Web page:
688 Phil. 339

SECOND DIVISION

[ A.M. OCA IPI No. 09-3210-RTJ, June 20, 2012 ]

JUVY P. CIOCON-REER, ANGELINA P. CIOCON, MARIVIT P. CIOCON- HERNANDEZ, AND REMBERTO C. KARAAN, SR., COMPLAINANTS, VS. JUDGE ANTONIO C. LUBAO, REGIONAL TRIAL COURT, BRANCH 22, GENERAL SANTOS CITY, RESPONDENT.

R E S O L U T I O N

CARPIO, J.:

The Case

Juvy P. Ciocon-Reer, Angelina P. Ciocon, Marivit P. Ciocon-Hernandez, and Remberto C. Karaan, Sr. (complainants) filed an administrative complaint against Judge Antonio C. Lubao (Judge Lubao) of the Regional Trial Court of General Santos City, Branch 22, for gross ignorance of the law, rules or procedures; gross incompetence and inefficiency; violation of Section 3(e) of Republic Act No. 3019; violations of Articles 171 and 172 of the Revised Penal Code;  violations of pertinent provisions  of the Code of Judicial Conduct, The New Code of Judicial Conduct per A.M. No. 03-05-01-SC, and Canons of Judicial Ethics; and dishonesty and grave misconduct.

The Antecedent Facts

Complainants are the plaintiffs in Civil Case No. 7819 (Juvy P. Ciocon-Reer, et al. v. Gaspar Mayo, et al.) for Unlawful Detainer, Damages, Injunction, etc., an appealed case from the Municipal Trial Court of General Santos City, Branch 3. Complainants alleged that on 12 September 2008, Judge Lubao issued an Order directing the parties to submit their respective memoranda within 30 days from receipt of the order. Complainants further alleged that on 30 September 2008, a copy of the order was sent by registered mail to the defendants, which they should have received within one week or on 7 October 2008. Complainants alleged that the 30-day period within which to submit memoranda expired on 6 November 2008. Since the defendants failed to submit their memorandum on 6 November 2008, complainants  alleged that they should be deemed to have waived their right to adduce evidence and Judge Lubao should have decided the case.  Yet, four months passed from 6 November 2008 and Judge Lubao still failed to make his decision.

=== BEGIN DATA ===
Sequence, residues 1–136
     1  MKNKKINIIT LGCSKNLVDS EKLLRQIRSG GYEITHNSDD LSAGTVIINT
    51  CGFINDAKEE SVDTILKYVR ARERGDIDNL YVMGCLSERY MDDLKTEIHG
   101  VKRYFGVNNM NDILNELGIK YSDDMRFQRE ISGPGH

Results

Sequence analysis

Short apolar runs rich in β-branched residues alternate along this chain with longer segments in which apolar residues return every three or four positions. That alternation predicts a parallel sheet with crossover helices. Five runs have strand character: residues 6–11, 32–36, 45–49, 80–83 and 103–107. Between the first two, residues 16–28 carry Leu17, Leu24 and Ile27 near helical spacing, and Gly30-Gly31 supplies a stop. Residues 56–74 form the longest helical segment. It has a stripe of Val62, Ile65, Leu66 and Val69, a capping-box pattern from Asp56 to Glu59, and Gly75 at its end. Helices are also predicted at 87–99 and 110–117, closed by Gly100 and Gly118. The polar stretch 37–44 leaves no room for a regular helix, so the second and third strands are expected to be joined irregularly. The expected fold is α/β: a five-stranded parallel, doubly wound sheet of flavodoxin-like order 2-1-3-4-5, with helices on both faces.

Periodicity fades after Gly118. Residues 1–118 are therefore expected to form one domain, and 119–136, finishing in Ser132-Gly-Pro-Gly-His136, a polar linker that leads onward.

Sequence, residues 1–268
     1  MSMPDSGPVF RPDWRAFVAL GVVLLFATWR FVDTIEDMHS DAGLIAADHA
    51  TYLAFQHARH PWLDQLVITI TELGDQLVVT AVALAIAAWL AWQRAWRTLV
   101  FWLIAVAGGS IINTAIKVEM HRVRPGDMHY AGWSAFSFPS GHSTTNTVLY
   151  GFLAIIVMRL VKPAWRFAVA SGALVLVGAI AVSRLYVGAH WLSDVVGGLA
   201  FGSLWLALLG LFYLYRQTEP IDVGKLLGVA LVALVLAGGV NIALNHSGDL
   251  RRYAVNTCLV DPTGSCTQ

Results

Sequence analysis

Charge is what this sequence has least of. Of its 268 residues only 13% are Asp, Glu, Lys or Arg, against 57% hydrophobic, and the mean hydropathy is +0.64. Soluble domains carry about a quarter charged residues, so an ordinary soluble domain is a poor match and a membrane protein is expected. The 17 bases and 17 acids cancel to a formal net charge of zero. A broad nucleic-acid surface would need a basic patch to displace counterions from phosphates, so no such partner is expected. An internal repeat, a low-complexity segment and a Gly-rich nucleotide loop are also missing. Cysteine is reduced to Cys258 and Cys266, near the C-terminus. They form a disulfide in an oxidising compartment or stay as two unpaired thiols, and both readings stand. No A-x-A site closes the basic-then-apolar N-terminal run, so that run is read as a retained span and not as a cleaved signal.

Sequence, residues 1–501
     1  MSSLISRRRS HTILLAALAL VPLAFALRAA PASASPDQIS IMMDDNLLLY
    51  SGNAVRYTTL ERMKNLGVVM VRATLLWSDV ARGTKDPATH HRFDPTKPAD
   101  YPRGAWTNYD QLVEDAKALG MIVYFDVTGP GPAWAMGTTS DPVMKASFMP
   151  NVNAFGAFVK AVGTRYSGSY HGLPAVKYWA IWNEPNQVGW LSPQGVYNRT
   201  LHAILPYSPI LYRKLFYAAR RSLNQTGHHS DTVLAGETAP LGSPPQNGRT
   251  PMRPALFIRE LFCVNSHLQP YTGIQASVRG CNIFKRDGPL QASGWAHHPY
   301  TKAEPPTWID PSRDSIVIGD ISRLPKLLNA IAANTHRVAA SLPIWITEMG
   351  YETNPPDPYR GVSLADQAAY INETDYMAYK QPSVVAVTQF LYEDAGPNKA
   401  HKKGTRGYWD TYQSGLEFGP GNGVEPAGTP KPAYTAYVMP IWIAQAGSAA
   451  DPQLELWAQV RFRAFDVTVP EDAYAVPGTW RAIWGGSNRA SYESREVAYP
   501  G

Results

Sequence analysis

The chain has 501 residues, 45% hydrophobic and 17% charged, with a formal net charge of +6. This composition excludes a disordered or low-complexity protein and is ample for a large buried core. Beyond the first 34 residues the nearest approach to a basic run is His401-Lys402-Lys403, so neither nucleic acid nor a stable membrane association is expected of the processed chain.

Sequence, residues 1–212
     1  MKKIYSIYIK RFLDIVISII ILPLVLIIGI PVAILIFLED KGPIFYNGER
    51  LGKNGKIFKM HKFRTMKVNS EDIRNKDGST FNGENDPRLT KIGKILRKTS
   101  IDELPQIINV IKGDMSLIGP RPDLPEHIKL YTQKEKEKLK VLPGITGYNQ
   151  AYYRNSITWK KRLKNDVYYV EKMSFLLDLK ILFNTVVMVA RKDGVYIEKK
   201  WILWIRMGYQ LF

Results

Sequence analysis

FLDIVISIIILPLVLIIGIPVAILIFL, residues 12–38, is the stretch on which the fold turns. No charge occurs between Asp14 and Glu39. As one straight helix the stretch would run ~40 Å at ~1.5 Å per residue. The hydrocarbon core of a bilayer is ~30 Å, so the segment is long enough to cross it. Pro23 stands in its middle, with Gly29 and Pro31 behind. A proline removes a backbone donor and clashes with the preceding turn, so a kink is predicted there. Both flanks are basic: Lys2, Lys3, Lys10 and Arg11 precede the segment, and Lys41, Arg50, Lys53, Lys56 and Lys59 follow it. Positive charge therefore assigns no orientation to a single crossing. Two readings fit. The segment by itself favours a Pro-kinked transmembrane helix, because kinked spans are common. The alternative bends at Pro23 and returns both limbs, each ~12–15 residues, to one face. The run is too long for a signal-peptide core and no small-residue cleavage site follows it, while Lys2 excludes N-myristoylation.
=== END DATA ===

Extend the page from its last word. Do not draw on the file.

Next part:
In his Comment, Judge Lubao explained that the parties were required to submit their respective memoranda on 12 September 2008. The Order  was sent to the parties through registered mail on 30 September 2008. Judge Lubao alleged that the plaintiffs submitted their memorandum on 10 November 2008 but the court did not receive the registry return card on the notice to the defendants. On 10 December 2008, the branch clerk of court sent a letter-request to the Post Office of General Santos City asking for certification as to when the Order of 12 September 2008, sent under Registry Receipt No. 690, was received by the defendants. However, the court did not receive any reply from the Post Office.

Judge Lubao further explained that on 20 May 2009, for the greater interest of substantial justice, the defendants were given their last chance to submit their memorandum within 30 days from receipt of the order. In the same order, he directed the plaintiffs to coordinate with the branch sheriff for personal delivery of the order to the defendants. However, the plaintiffs failed to coordinate with the branch sheriff and the order was sent to the  defendants, again by registered mail, only on 17 June 2009.

Judge Lubao informed the Court that complainant Remberto C. Karaan, Sr. (Karaan) is engaging in the practice of  law even though he is not a lawyer. Judge Lubao asked this Court to require Karaan to show cause why he should not be cited in contempt for unauthorized practice of law.